Morgan also spoke of cognitive dissonance, which she defined as “the mental stress or discomfort experienced by an individual who holds two or more contradictory beliefs, ideas, or values at the same time; performs an action that is contradictory to one or more beliefs, ideas, or values; or is confronted by new information that conflicts with existing beliefs, ideas, or values.”

Forty-nine of the 55 delegates to the Constitutional Convention owned slaves, she said, and 12 of the first 18 American presidents were slaveholders.


The Enterprise — Melissa Hale-Spencer
“American history cannot be told without black history,” says Congressman Paul Tonko in comments before the authors of “Gather at the Table” speak. “The Underground Railroad reminds us of the struggle for justice,” said Tonko. “We hear messages coming out of the White House that
are demeaning, condescending … We should always have that spirit of persistent justice,” he said to applause.


“Learn about yourself”

DeWolf urged, “Google ‘Harvard, implicit bias.’ You will learn so much about yourself … buried deep beneath the surface of who you are.”

He also gave examples of what he called “racial micro-aggressions.” One instance was of “color blindness”; for example, saying, “When I look at you, I don’t see color,” which DeWolf said denied a person of color’s racial and ethnic experiences.

“If I said to Sharon, ‘I don’t see your color,’ she’d throw me out of the car,” he said.

Morgan referenced a book called “Post Traumatic Slave Disorder” by Joy DeGruy Leary, who wrote the forward for “Gather at the Table.” She cited adaptive survival behaviors in communities throughout the African Diaspora that are associated with centuries of abuse including kidnapping, enslavement, dehumanization, cruelty, destruction of families, breeding, medical experimentation, sterilization, lynching, segregation, Jim Crow terror, social disenfranchisement, peonage, and massive incarceration.

“I found incidences of all those things in my one family,” said Morgan.

DeWolf went over what he termed “systemic inequities” such as economic inequality, disparate health care, the school-to-prison pipeline, and community violence. “We’re all wounded here,” he said. “Any time we’re not working against the system, we’re complicit.”

“The Ghost in Your Genes”

The pair screened excerpts from a BBC film, “The Ghost in Your Genes,” detailing the work of British scientists who believe your genes are shaped in part by your ancestors’ life experiences. Conventional science holds that DNA carries heritable information and nothing a person does or experiences will be biologically passed to children.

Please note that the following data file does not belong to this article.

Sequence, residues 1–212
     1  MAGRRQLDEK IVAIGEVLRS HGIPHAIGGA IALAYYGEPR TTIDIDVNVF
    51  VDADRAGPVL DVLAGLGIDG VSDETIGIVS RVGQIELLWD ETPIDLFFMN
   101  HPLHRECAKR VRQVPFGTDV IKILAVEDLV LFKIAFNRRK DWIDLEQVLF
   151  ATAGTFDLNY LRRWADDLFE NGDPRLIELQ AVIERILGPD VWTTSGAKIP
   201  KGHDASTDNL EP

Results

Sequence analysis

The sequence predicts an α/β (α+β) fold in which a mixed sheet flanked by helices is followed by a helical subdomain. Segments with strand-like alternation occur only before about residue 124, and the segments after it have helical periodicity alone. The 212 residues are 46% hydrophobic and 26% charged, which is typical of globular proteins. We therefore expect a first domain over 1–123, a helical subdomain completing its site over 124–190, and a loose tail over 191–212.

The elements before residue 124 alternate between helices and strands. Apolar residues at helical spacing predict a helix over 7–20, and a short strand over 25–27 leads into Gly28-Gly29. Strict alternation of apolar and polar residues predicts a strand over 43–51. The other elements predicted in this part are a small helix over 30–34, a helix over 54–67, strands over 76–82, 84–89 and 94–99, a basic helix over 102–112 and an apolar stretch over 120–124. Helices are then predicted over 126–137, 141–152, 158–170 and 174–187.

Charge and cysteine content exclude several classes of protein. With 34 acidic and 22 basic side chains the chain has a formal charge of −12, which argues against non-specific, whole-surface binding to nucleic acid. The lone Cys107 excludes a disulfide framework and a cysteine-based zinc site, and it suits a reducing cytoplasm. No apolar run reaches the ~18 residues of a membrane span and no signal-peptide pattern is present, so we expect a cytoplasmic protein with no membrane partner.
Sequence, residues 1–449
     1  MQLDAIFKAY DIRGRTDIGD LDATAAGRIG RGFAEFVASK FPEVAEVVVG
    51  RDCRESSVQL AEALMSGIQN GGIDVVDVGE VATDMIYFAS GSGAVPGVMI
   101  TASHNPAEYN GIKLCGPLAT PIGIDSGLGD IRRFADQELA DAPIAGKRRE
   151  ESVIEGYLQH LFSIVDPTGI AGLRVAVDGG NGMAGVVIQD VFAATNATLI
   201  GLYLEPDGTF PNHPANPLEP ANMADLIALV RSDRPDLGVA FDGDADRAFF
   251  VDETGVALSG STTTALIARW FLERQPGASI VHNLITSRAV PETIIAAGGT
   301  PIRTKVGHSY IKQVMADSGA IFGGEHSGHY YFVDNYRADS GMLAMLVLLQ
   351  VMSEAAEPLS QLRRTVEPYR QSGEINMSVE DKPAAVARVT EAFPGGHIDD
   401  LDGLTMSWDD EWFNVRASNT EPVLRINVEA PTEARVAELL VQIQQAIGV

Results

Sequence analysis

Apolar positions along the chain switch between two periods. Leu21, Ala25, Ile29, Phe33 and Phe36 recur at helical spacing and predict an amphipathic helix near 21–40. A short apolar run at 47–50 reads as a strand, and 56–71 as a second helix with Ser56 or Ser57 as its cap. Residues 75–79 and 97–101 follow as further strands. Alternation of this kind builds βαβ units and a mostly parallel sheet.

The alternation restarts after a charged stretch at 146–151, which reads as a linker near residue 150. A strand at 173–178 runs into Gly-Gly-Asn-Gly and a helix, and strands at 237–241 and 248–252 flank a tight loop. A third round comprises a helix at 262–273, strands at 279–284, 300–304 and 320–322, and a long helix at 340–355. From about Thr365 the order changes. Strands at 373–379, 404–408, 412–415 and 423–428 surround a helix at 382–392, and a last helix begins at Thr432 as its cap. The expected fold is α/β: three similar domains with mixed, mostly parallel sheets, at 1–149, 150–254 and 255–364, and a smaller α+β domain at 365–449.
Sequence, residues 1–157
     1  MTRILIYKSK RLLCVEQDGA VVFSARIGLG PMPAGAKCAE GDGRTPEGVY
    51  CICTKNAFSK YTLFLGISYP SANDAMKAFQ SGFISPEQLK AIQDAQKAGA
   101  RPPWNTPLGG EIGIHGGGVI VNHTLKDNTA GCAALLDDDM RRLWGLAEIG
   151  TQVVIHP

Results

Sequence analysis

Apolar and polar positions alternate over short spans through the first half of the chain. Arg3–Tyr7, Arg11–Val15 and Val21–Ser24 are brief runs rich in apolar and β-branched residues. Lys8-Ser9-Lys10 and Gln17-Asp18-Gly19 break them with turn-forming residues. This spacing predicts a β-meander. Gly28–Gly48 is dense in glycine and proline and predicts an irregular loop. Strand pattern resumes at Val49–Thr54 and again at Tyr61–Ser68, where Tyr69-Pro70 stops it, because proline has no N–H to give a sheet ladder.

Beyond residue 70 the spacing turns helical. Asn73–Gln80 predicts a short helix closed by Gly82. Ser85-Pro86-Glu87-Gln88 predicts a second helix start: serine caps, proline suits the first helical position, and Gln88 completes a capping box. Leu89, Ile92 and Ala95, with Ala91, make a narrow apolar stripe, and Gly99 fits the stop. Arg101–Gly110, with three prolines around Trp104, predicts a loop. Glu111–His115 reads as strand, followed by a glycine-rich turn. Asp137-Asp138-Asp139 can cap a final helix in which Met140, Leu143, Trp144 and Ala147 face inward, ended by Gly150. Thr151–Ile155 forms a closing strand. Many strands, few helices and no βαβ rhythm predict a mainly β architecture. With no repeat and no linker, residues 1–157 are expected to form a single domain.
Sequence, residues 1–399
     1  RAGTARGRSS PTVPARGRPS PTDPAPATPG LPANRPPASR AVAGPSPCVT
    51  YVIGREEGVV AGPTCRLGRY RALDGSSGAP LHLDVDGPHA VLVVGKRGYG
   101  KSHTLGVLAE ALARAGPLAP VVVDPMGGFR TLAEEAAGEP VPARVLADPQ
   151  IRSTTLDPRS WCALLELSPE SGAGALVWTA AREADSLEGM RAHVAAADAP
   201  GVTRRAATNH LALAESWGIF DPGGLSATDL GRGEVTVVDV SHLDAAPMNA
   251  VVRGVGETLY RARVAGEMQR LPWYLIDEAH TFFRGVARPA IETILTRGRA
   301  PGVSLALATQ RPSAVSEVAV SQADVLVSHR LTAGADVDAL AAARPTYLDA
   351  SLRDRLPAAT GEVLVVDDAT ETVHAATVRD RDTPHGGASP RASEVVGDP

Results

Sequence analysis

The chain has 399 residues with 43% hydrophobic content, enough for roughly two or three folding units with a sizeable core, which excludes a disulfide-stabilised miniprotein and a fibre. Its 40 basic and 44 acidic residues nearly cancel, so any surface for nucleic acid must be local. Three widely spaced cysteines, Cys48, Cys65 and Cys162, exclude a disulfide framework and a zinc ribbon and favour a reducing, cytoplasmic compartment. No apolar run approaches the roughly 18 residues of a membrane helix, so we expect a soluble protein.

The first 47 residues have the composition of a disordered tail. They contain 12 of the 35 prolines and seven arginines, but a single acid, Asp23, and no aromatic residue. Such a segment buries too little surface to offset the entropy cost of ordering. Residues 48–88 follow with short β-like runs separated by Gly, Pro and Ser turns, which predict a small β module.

The controversial field of epigenetics holds that things people experience can cause heritable effects in humans through a mechanism of switches in genes that act rather like memory. Using records from a remote town in Sweden, Marcus Pembrey, a professor of Clinical Genetics at the Institute of Child Health in London, showed that a famine in the lives of grandparents affected the life expectancy of their grandchildren, the film says.

DeWolf said scientists are looking at descendents of Holocaust survivors and of famine survivors to see what has been passed down to later generations.

“We don’t want to just talk about problems,” said Morgan. She described her relationship with DeWolf as a solution.

“We met as strangers … drove thousands of miles — I had to threaten several times to put him out of the car … You have to tell the truth, even when it gets ugly … Fortunately, now we’re friends. It took a lot.”

“Coming to the table is easy. Staying at the table is hard,” said DeWolf. “It’s hurt people that hurt people.” He urged to stop the cycle of violence: “See the problem as the problem, not the people as the problem.”

He also said, “If we don’t heal the wounds, we pass it on to our kids.” But he cautioned, “White folks want to jump to reconciliation and make the guilt and shame go away … The only way out is through … It takes time and doing it together.”

Restorative justice

He cited Howard Zehr’s “The Little Book of Restorative Justice,” and recommended that, when a wrong has been done, it needs to be named and acknowledged. Those who have been harmed need to grieve their losses, tell their stories, have their questions answered, and have the harms and needs caused by the offense addressed.

At the same time, those who have done wrong need to accept their responsibility and take steps to repair the harm as much as possible.

“Ask who has been harmed, including the perpetrator,” said DeWolf, “and see what can be done to create wholeness.”

He concluded, “It’s so much easier to lock someone up and throw away the key.”

Coming to the Table, DeWolf said, is about “making connections with those we’ve been raised to think of as ‘the other.’”

Morgan concluded by talking about “ripples on a pond.” She said, “Stand where you are and do something … Collective action can change the world.”

She also said, “A lot of problems in the world would be solved if we talked to each other, not at each other or about each other or over each other.”